The opposition’s amendment seeks to provide a time period for a fixed period of five years. Pursuant to our amendment, the parties to the order would still be entitled to make an application to have the order revoked before the five-year period has ended. In moving this amendment, the opposition seeks to ensure that our system of dealing with domestic violence remains both practical and effective.

The third tranche of amendments is deleting part 7, part 12 and part 17 of the government’s amendments which will apply to the accessibility to court records. The opposition amendment seeks to remove the sections of the bill that seek to restrict access to court records and documents. The opposition is of the opinion that the current system of dealing with access to court records and materials is satisfactory and does not require amendment. The opposition draws attention to the fact that the existing South Australian act draws a distinction between material in the court file that is of a public nature and material in the court file that has not entered the public domain and, indeed, may never do so.

The current act recognises the need to protect more sensitive information by preventing this information from even being inspected by a member of the public unless permission has been sought and granted from the court. The opposition submits that the government’s attempts to add further complexities to this application process would place a substantial administrative burden on an already under-resourced court system. I do not doubt for one moment that the new process will substantially delay access to information in a timely manner.

We note and have had regard to the submission of Free TV who say that these barriers, as set out in the government’s amending bill, serve to hamper access to court documents by the media and in turn frustrate public interest reporting, undermine the principles of open justice and infringe upon the South Australian community’s right to know.

We have an open and transparent justice system with numerous processes and practices in place to protect sensitive information where it is desirable to do so in the interest of justice. The opposition acknowledges it is a delicate balance between the transparency of the criminal justice system and ensuring fairness to the accused. The judicial power to suppress certain information from a publication or hold closed court hearings, for example, are important tools commonly used in our justice system. It is the view of the opposition that it currently works effectively.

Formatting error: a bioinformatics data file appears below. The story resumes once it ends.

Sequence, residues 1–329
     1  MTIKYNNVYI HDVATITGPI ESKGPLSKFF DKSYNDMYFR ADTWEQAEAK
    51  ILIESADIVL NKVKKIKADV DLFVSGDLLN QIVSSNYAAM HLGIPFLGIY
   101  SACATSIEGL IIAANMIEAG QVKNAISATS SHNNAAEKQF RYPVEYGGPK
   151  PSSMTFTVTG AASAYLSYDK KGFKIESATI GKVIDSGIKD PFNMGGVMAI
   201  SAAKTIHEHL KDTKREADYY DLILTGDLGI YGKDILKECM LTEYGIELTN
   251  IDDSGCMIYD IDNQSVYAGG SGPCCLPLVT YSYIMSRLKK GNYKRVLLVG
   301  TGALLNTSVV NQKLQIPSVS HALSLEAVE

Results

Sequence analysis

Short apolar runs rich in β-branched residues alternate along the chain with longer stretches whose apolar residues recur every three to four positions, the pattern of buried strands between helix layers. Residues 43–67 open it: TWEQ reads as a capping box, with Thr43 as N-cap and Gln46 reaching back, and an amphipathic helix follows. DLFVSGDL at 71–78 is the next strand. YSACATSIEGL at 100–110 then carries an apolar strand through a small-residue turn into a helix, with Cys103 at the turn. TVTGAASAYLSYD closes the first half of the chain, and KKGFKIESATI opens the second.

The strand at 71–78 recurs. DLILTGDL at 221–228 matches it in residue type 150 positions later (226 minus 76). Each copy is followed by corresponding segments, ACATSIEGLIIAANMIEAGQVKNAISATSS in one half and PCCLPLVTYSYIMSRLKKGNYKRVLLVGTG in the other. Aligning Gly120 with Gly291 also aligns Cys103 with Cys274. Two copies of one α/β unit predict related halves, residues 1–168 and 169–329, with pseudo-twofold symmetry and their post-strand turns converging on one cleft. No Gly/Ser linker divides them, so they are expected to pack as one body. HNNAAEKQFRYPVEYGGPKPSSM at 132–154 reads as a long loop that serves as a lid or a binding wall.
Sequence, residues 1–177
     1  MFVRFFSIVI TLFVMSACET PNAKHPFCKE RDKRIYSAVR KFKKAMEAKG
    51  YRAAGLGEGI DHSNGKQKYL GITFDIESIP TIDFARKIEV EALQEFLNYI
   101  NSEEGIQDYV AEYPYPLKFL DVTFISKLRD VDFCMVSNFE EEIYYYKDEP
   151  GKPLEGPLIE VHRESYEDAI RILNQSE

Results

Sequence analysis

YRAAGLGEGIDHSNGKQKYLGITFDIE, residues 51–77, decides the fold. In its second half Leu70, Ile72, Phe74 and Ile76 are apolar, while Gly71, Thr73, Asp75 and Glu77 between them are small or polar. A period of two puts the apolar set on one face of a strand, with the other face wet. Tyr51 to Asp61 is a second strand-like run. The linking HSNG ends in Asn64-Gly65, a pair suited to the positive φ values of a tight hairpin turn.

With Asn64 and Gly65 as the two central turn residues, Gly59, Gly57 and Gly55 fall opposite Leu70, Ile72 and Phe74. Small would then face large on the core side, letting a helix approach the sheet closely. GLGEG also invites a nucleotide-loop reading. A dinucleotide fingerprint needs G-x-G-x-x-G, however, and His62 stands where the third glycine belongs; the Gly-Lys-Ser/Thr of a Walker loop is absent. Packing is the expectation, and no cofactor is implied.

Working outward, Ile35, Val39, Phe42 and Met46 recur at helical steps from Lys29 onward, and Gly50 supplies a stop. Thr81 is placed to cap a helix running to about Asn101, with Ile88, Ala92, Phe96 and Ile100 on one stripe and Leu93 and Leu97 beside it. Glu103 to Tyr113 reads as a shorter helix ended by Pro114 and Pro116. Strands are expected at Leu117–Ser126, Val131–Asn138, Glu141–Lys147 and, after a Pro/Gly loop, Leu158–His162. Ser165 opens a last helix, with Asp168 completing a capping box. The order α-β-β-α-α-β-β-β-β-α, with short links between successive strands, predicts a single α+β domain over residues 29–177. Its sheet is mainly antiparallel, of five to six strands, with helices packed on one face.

Our amendment seeks to simply keep in place a system that has worked efficiently and effectively for some time. The opposition trusts that the judiciary is capable of continuing to exercise its discretion on these issues in an appropriate manner without the need for the approach the government is trying to implement in the current bill. The opposition’s amendment simply seeks to maintain the current provisions that provide a suitable and appropriate balance between openness and transparency on the one hand and, where appropriate, restrict information where it has an impact on the fairness of the trial. With those words, I indicate the opposition’s support for the second reading of the bill.

The Hon. K.J. MAHER (Minister for Employment, Minister for Aboriginal Affairs and Reconciliation, Minister for Manufacturing and Innovation, Minister for Automotive Transformation, Minister for Science and Information Economy) ( 15:49 :06 ): I thank all honourable members for their contributions thus far and I look forward to the further passage of the bill.

Bill read a second time.

See full session on Hansard